Stone Soup #11: Waffle-Batter Funnel Cake

• 5 min read

Stone Soup is an ongoing quarantine feature in which I come up with a recipe that uses the impossible thing in your cupboard, without making you go to the store or wasting any of your ingredients. Last time, we made caramel from goat milk.

Amy says:

Hello, Sarah! I have a bag of coconut flour and I have no idea how, when, or why I got it. Its presence haunts me! I haven't used it yet because I think if I use coconut flour, I should use it as coconut flour - it smells amazing and I want to preserve that. What should I do with it?

I have: basic baking supplies, coconut milk, an enormous tub of green curry paste if there's a cool savory use out there, dried dates/figs/cranberries, frozen pineapple/mango/coconut chunks, oranges, an endless box of spices, and a one-pound bar of dark chocolate in the back of my freezer. And other items that seem irrelevant!

Okay gang, hang with me for a minute, because we’re going to take a little journey.

This one has been haunting me, because whenever I do research, the entire internet is like “here’s how you substitute coconut flour for wheat flour!” Most resources I looked at emphasized how tricky coconut flour is to work with right before going into recipes that try to use it like wheat flour, which strikes me as similar to people who coop their Australian Shepherds up all day with no exercise and then wonder why they destroy things. Flour substitution is not in and of itself a bad goal, but I really wanted to find a way for Amy to go on a date with coconut flour for itself, on its own merits, instead of trying to use it to make wheat flour jealous right before prom.

So I took a look at the things that define coconut flour. It’s pretty straightforward in terms of manufacturing — you dry some coconut and then you whomp it until it’s flour. It’s extremely low in fat and high in fiber, which probably explains why it acts extremely dry in recipes. This makes it a great fit for one of my favorite, most versatile recipes: waffles! I was so excited to realize I’d cracked the case!! VICTORY WAS AT HAND!!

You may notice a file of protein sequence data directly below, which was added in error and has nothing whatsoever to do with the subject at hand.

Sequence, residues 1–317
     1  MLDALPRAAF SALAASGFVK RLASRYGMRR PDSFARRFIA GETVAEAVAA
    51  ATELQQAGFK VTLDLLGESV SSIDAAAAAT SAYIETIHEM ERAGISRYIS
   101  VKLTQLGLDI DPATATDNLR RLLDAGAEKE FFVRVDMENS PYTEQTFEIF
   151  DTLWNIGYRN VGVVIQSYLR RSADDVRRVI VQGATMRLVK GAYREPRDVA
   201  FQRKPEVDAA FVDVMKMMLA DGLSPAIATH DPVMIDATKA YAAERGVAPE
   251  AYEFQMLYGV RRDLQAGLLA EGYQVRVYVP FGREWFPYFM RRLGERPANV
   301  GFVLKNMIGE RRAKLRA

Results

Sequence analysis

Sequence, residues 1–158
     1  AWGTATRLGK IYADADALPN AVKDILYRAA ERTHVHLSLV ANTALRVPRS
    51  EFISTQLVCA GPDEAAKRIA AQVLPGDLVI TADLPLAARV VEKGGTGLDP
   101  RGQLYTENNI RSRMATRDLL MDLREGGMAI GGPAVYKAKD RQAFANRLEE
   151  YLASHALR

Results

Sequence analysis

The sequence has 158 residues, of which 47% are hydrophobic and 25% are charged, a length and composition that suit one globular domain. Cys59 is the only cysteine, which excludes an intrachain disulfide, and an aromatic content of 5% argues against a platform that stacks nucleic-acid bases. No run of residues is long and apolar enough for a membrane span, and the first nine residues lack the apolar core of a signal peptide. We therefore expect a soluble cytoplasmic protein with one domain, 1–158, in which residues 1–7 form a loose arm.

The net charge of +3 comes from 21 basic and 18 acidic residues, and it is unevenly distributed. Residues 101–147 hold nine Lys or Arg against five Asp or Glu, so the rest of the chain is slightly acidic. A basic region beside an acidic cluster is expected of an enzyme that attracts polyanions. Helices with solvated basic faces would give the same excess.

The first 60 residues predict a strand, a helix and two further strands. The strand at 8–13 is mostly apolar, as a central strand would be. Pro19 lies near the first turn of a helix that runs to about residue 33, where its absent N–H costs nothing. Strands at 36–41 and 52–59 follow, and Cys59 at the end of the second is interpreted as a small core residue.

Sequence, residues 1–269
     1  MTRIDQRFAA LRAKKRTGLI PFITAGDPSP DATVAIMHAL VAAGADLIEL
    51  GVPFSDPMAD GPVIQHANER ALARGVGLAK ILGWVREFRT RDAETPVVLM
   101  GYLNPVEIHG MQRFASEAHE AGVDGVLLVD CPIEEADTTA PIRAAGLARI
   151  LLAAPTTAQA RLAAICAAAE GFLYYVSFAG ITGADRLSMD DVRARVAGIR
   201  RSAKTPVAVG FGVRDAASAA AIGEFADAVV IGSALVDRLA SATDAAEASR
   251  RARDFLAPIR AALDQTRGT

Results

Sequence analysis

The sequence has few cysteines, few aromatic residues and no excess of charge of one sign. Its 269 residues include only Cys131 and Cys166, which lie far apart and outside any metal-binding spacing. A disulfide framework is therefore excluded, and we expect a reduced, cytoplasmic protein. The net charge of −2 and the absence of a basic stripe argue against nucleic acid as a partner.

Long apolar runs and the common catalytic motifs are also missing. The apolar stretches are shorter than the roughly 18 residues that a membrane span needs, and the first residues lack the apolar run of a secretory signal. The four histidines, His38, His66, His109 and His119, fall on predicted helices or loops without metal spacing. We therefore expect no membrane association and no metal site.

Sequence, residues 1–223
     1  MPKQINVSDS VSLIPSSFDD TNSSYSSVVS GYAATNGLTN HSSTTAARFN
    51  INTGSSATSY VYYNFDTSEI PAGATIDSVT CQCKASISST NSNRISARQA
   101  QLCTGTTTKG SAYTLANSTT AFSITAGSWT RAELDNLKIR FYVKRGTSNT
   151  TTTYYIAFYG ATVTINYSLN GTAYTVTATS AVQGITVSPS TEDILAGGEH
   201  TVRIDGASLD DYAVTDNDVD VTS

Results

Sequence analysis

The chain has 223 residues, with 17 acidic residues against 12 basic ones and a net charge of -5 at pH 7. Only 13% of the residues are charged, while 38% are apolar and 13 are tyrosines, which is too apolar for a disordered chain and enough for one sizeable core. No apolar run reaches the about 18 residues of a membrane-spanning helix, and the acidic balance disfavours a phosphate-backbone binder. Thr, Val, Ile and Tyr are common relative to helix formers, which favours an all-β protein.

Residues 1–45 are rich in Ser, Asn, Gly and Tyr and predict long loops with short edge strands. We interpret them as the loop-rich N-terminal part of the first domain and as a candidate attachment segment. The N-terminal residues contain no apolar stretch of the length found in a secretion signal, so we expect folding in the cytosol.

Except then I followed up with Amy, and it turns out that she does not possess a waffle iron.

Shit.

Normally this would be a back-to-the-drawing-board moment, but I’m extremely stubborn, so I decided to take this one into the lab. I experimented in ways that some cowards might call “dangerous” or “unhinged,” or even “wildly unethical.” Mad, they called me, when they heard my theories — those fools at the academybut I’ll show them. Oh, I’ll show them ALL. They’ll see who’s mad when they taste our

Waffle-Batter Funnel Cake


I’d like it noted that “Waffle-Batter Funnel Cake” scans perfectly onto “Alexander Hamilton”. You’re singing it in your head, aren’t you? Me too. Welcome to hell.

Step one: Dry ingredients, assemble! Use half a cup of coconut flour. Add a quarter teaspoon of baking soda to give this batter the lift we’d normally get from the structure of gluten — you’re also going to want that lift to help with the extra liquid we’re adding to compensate the coconut flour’s dryness. Add a pinch of salt.

Step two: Wet ingredients, assemble! Separately assemble your wet ingredients. Use that whole can of coconut milk, including the solids. If you have eggs, beat three of them and add them to the coconut milk. Add half a cup of oil or butter. If you don’t have eggs, substitute some other binding agent — greek yogurt works well here, or applesauce, and I’ve heard good things about flax. Smashed banana works, and you can even use mashed avocado if you fear neither God nor Satan. Whisk in a tablespoon of sugar or honey, too.

Step three: With our powers combined, we are batter! Combine your wet and dry ingredients and eyeball the texture. If it looks a little too thick to be batter-y, you can add more coconut milk to thin it out. I wouldn’t prefer you thinning this out with water, but that’s just a gut feeling I have, not a definitive I-tried-that-and-it-was-bad thing.